The Spenser Review House Style
The Spenser Review uses a modified version of MLA style for documentation and formatting. We ask reviewers to observe the following conventions when submitting copy to be edited.
1. Please submit the review as an email attachment, preferably a Word (.doc[x ]) or .rtf file. We are not able to format and edit .pdf, .wpd, .odt, or LaTeX files. Please contact the editor if there are any difficulties with these formats.
2. Please include, in the name of the file, your name and that of the author of the book reviewed.
3. Please begin the review with a bibliographical entry for the book following this format: author (or editor), title, publisher, date, number of pages, price (paperback if available, otherwise hardback), ISBN. Example:
Wilson-Okamura, David Scott. Virgil in the Renaissance. Cambridge: Cambridge UP. 2010. vii + 299 pp. ISBN 978-0-521-19812-7. $89.00 hardback.
Below the bibliographical entry, give your name and institutional affiliation as you would like them to appear.
4. Footnotes should be added using the appropriate function in the word processor. In general we prefer parenthetical citations. Bibliographical information for sources quoted more than once should be given in an initial footnote, with subsequent references provided parenthetically. Example:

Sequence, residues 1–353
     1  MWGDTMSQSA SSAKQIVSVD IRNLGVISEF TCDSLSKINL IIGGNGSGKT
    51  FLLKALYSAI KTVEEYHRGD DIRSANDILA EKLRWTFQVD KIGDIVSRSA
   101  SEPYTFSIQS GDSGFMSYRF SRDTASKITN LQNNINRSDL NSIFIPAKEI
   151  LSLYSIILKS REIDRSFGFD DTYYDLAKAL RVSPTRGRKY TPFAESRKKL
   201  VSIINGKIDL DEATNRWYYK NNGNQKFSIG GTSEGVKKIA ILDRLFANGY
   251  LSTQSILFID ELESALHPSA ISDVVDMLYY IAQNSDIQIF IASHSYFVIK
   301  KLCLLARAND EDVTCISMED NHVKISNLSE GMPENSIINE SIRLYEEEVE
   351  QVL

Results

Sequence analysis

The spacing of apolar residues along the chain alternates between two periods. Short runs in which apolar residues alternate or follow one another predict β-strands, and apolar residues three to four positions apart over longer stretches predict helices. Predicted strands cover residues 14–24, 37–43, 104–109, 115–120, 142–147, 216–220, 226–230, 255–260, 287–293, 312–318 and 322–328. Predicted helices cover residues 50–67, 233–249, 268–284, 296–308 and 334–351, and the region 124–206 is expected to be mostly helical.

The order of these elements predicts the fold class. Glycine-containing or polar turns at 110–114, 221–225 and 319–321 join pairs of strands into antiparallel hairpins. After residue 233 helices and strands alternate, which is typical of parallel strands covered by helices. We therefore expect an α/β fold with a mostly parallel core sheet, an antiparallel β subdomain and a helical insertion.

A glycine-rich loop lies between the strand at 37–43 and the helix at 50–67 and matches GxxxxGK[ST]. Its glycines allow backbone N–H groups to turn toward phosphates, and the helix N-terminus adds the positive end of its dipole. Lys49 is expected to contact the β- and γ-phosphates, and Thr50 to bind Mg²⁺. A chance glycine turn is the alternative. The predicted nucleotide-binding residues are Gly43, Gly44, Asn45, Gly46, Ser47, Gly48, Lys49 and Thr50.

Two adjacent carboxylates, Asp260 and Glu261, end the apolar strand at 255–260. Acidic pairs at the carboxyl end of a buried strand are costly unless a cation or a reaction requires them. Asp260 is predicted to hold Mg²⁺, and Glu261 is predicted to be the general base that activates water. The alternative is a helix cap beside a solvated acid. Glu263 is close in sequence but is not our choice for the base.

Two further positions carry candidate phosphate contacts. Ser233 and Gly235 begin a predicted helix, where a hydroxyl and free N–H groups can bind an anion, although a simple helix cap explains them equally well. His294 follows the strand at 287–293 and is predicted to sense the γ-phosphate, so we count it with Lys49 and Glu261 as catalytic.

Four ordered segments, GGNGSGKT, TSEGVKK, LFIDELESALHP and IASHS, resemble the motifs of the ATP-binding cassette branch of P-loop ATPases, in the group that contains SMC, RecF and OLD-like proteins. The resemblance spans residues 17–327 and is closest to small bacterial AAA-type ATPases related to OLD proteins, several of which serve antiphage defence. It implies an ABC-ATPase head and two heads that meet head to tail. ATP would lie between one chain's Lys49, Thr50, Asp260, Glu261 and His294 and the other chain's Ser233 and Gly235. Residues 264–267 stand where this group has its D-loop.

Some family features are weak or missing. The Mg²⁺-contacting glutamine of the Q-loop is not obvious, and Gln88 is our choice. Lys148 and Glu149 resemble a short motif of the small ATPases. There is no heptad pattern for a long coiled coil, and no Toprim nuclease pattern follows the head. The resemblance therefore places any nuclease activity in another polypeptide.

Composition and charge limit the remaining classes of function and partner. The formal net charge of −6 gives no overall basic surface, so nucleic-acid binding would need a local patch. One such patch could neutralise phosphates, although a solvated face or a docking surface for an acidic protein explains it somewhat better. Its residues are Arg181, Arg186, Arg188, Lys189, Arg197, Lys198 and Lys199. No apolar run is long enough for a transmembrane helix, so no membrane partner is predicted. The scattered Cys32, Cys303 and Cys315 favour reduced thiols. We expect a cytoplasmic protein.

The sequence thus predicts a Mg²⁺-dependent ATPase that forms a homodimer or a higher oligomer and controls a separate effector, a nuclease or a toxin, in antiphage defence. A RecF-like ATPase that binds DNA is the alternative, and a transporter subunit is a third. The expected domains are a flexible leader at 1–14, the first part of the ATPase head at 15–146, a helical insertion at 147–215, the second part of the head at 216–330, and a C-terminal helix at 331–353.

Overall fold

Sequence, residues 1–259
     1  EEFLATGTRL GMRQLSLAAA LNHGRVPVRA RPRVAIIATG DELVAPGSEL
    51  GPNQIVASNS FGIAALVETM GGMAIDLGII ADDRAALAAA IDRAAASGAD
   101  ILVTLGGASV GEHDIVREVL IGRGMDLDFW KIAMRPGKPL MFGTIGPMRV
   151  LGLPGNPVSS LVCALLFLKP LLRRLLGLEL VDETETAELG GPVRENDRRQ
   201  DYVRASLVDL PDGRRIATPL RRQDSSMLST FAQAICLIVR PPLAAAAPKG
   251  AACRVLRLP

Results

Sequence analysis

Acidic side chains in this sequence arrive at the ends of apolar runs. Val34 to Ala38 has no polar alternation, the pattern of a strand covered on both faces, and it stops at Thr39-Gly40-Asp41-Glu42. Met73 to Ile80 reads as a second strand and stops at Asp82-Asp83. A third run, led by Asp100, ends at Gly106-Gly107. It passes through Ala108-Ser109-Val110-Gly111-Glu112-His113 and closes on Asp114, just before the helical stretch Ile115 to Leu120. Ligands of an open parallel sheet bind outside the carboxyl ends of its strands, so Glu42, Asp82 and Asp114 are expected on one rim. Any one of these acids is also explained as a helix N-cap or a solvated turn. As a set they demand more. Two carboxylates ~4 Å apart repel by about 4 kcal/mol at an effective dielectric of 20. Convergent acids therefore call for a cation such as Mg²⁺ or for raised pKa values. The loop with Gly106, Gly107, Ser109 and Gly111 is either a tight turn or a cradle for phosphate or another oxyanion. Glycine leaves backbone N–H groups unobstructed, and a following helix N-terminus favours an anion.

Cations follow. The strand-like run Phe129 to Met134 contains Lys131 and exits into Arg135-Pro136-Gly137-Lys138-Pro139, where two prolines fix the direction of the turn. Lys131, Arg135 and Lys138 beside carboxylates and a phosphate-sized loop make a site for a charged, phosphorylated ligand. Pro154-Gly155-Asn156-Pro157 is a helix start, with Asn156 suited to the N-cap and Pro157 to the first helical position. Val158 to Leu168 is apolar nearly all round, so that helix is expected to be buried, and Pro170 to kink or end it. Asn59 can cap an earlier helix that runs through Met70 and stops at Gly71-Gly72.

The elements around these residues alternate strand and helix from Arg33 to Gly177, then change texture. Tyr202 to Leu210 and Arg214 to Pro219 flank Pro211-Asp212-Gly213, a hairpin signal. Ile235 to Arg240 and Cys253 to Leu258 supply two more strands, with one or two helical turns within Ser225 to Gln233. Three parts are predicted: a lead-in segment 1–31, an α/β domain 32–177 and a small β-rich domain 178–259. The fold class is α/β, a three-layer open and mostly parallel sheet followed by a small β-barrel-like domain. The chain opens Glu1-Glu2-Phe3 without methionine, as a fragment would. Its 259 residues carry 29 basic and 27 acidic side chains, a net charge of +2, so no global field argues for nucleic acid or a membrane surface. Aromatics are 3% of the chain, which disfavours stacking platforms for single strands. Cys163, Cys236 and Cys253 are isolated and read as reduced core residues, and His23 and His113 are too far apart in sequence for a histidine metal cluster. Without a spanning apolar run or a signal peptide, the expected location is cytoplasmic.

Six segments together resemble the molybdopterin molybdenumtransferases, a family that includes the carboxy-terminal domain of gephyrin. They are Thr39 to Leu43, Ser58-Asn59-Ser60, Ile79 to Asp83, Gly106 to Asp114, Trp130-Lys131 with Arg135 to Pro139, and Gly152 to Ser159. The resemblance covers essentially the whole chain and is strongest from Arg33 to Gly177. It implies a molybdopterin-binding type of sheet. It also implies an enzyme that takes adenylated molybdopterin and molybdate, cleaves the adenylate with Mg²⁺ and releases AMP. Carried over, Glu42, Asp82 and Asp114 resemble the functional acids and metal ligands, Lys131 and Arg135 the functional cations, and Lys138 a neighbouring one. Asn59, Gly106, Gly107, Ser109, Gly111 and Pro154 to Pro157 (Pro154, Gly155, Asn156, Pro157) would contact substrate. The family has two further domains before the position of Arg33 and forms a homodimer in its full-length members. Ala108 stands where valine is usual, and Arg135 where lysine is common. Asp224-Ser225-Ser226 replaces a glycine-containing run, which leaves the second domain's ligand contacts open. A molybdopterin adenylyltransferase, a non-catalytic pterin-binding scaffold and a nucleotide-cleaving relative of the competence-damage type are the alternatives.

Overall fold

First reference in footnote: Keith Thomas, Religion and the Decline of Magic: Studies in Popular Beliefs in Sixteenth and Seventeenth Century England (London: Weidenfeld and Nicolson, 1971), 23.
Subsequent parenthetical: (Religion 111-20)
5. Do not use “p.” or “pp.” as abbreviations. Give page numbers only, as in the above example.
6. For quotations from The Faerie Queene, please use roman caps, roman l.c., and arabic numerals for book, canto, stanza, and line numbers. Example:
7. Please follow U.S. conventions for quoting and for punctuation with quotations. Specifically:
- Double quotation-marks for all quotations. Reserve single-quotes for quotes-within-quotes.
- Periods and commas go inside quotation marks. Colons and semi-colons go outside. Exclamation points and question-marks go inside or outside depending on whether they belong to the quotation.
- Parenthetical citations are treated as the final word in a clause or sentence, meaning that they do not follow a comma or period. Example:
If we force a more far-reaching memory upon our reading experience, then we are likely to burden Redcrosse Knight’s experience of “swimming in that sea of blisful joy” (I.xii.41) during his betrothal to Una with his earlier sinful dream of his beloved in which he was “Bathed in wanton blis and wicked joy” (I.i.47).